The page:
Imaging in retroperitoneal soft tissue sarcoma

Imaging in retroperitoneal soft tissue sarcoma INTRODUCTIONRetroperitoneal soft tissue sarcomas (RPS) are frequently incidental findings on imaging for non‐related symptoms or diseases and can grow to a large size in the retroperitoneum before symptoms or signs of abdominal pain, back pain, bowel obstruction or a palpable abdominal mass develop. RPS are rare and account for approximately 12‐15% of all soft tissue sarcomas with a mean incidence of 2.7 per million. Therefore the radiologist and clinicians involved in the patients care at presentation may not have experience of the imaging appearances. Failure to recognize RPS on imaging can lead to inappropriate management in inexperienced centres. This can have catastrophic consequences due to incomplete resections or contamination of the patients peritoneal cavity with tumor which jeopardizes the patients chance of a curative operation. After tumor grade, the long‐term survival following RPS resection is most dependent on the completeness of surgical resection. Other important factors are patient age, tumor subtype, tumor size, multifocality, and centralized multidisciplinary management in a specialist sarcoma center. Therefore early referral is advisable.DIAGNOSTIC IMAGING TECHNIQUESComputed tomography (CT)CT allows confirmation of site and origin of the mass and often tissue composition ie, lipomatous elements, calcifications or myxoid elements. Particularly where large masses distort anatomy, distinction http://www.deepdyve.com/assets/images/DeepDyve-Logo-lg.png Journal of Surgical Oncology Wiley

Imaging in retroperitoneal soft tissue sarcoma

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Publisher
Wiley Subscription Services, Inc., A Wiley Company
Copyright
© 2018 Wiley Periodicals, Inc.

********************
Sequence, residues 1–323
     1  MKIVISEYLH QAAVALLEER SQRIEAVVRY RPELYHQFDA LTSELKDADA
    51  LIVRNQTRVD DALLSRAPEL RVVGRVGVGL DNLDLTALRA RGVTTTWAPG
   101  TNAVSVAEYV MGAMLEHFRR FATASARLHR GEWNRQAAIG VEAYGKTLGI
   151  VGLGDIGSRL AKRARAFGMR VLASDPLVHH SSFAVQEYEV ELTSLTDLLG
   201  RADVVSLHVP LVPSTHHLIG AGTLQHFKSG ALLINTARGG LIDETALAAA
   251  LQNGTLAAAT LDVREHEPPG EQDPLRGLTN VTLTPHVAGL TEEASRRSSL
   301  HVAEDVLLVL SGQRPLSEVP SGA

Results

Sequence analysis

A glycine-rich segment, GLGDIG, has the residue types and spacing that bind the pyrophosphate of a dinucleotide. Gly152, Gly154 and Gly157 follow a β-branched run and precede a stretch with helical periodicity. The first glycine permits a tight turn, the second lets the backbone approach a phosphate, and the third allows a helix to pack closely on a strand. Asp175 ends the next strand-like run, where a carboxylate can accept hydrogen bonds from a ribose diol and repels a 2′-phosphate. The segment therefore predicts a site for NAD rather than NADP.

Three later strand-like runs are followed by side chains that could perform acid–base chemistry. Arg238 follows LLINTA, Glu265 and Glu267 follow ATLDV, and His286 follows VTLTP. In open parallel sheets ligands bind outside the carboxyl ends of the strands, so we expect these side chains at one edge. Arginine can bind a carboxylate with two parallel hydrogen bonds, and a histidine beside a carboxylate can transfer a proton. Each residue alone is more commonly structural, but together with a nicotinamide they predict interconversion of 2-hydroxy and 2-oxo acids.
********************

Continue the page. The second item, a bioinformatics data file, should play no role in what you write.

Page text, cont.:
ISSN
0022-4790
eISSN
1096-9098
D.O.I.
10.1002/jso.24891
Publisher site
See Article on Publisher Site

Abstract

INTRODUCTIONRetroperitoneal soft tissue sarcomas (RPS) are frequently incidental findings on imaging for non‐related symptoms or diseases and can grow to a large size in the retroperitoneum before symptoms or signs of abdominal pain, back pain, bowel obstruction or a palpable abdominal mass develop. RPS are rare and account for approximately 12‐15% of all soft tissue sarcomas with a mean incidence of 2.7 per million. Therefore the radiologist and clinicians involved in the patients care at presentation may not have experience of the imaging appearances. Failure to recognize RPS on imaging can lead to inappropriate management in inexperienced centres. This can have catastrophic consequences due to incomplete resections or contamination of the patients peritoneal cavity with tumor which jeopardizes the patients chance of a curative operation. After tumor grade, the long‐term survival following RPS resection is most dependent on the completeness of surgical resection. Other important factors are patient age, tumor subtype, tumor size, multifocality, and centralized multidisciplinary management in a specialist sarcoma center. Therefore early referral is advisable.DIAGNOSTIC IMAGING TECHNIQUESComputed tomography (CT)CT allows confirmation of site and origin of the mass and often tissue composition ie, lipomatous elements, calcifications or myxoid elements. Particularly where large masses distort anatomy, distinction

Journal

Journal of Surgical OncologyWiley

Published: Jan 1, 2018

Keywords: ; ; ; ;

References

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